By Joanna Smith

Editor's note: The goal of The EBM Toolbox is to promote awareness of tools for facilitating EBM and MSP processes. It is brought to you by the EBM Tools Network, a voluntary alliance of tool users, developers, and training providers.

In September 2015, I wrote an EBM Toolbox column about tools used for MSP in British Columbia, Canada. For 3.5 years, I was a private consultant to the Marine Planning for the North Pacific Coast (MaPP) process in British Columbia and led the development of the technical and science planning tools for regional priorities and sub-regional plans. Now with TNC Canada (an affiliate of The Nature Conservancy), I work with TNC’s Global Oceans Team and country programs to advance MSP and plan implementation around the world including in Seychelles, Indonesia, Canada, and Mexico. TNC has been engaged in marine spatial planning since 2006 and supported MSP processes in the United States, Caribbean, and Asia-Pacific region. We have found that by incorporating local knowledge, stakeholder input, and spatial information, planning tools can effectively be adapted to meet planning objectives in new geographies. This approach saves valuable time versus starting from scratch in each location, and we can build on lessons learned from previous processes.

MSP Tools for Seychelles

In Seychelles, we are facilitating a government-led multi-objective MSP initiative for the 1.37 million km2 Exclusive Economic Zone. This planning is driven by international biodiversity agreements, national biodiversity targets, a national “blue economy” and sustainable development strategy, and climate change adaptation objectives. The main outcomes of the initiative will be a zoning design and management conditions. The design and conditions are being developed over a 5 year period (2014-2020) and will result in a legislated marine plan that includes marine zones for high and medium biodiversity protection goals covering up to 30% of the EEZ, or 400,000 km2. The remaining 70% is being proposed for a multiple use zone. The MSP process in the Seychelles is being developed using an EBM framework with foundational principles of ecological integrity, human wellbeing, and governance.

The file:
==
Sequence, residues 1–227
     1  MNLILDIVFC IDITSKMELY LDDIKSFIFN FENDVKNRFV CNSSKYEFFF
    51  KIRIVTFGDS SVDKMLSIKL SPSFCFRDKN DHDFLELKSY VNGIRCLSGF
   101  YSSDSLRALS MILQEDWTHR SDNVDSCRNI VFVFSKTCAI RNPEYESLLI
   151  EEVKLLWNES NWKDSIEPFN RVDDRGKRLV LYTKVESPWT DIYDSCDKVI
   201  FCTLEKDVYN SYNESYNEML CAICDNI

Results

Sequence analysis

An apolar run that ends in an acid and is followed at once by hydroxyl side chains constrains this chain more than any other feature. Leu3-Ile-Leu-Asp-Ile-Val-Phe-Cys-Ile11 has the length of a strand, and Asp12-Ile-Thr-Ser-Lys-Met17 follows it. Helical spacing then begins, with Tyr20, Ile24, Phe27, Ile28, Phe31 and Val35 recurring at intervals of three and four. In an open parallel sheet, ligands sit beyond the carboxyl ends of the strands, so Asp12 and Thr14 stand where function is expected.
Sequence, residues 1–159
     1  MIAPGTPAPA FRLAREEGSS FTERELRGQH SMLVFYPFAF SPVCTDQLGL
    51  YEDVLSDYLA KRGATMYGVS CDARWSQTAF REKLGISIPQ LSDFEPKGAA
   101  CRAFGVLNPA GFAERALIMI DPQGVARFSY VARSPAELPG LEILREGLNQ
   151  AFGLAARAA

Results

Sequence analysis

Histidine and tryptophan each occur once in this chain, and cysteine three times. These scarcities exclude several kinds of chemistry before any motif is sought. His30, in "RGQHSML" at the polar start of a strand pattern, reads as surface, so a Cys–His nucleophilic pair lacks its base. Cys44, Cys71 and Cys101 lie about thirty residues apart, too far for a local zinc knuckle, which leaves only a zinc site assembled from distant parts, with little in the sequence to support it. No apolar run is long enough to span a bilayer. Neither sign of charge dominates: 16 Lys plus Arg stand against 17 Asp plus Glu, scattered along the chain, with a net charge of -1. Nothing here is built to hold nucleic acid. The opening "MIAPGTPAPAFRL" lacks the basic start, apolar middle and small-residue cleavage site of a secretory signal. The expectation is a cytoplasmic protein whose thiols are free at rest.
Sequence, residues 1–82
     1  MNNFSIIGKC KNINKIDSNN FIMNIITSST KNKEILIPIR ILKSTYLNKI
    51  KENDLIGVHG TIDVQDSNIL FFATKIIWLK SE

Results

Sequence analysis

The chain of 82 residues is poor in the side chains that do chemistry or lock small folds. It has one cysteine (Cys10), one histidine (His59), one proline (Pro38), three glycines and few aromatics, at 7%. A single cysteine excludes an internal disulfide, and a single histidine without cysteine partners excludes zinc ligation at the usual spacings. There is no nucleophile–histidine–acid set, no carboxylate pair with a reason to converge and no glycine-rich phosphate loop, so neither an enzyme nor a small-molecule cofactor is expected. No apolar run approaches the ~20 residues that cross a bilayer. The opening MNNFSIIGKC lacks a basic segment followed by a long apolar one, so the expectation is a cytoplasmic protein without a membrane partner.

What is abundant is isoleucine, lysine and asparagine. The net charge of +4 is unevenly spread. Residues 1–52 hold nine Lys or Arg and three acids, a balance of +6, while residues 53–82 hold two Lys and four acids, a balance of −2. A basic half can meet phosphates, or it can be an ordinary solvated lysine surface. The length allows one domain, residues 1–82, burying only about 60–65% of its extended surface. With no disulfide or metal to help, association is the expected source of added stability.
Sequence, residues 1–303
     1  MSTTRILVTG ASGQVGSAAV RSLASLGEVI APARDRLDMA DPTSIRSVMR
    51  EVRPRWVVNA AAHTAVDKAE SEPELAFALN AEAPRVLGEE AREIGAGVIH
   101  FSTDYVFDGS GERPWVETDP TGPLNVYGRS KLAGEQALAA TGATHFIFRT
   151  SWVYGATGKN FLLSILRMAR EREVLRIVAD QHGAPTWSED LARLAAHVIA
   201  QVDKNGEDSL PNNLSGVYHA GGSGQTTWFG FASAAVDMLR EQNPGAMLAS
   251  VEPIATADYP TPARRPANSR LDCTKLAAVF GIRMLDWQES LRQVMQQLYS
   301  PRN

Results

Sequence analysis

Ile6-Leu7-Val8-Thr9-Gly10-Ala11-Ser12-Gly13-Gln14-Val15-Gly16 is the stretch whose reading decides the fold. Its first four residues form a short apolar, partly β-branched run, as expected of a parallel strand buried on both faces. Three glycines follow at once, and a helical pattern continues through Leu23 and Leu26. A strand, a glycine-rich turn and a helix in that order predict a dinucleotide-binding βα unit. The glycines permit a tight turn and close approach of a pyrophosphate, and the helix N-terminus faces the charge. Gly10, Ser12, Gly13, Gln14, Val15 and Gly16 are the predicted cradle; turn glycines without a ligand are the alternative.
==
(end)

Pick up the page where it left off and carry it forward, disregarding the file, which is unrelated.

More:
Like the MaPP process in British Columbia, Marxan outputs are being used to identify high priority conservation areas and inform discussions to propose locations for biodiversity protection areas that meet representation percentage targets set by experts and scientific literature (e.g., 30% of coral reefs). Marxan scenarios for a 30% representation goal were developed by a 4-year UNDP-GEF Progamme Coordination Unit of Seychelles Protected Area Expansion project that utilized expert advice, stakeholder review, and a spatial data catalogue for more than 100 biodiversity features. The UNDP preferred scenario is being used to inform the MSP zoning design and propose areas to meet the Seychelles government’s 30% by-area and 30% by-representation goals. The zoning design process is being supported by Rick Tingey (Spatial Support Systems LLC) who has developed an adaptable spatial data management and analysis framework and custom ArcGIS decision-support tools to visualize and quantitatively assess how well draft zoning designs meet government goals. Adaptable spatial planning tools can facilitate the efficient incorporation of stakeholder input during rapidly evolving planning processes.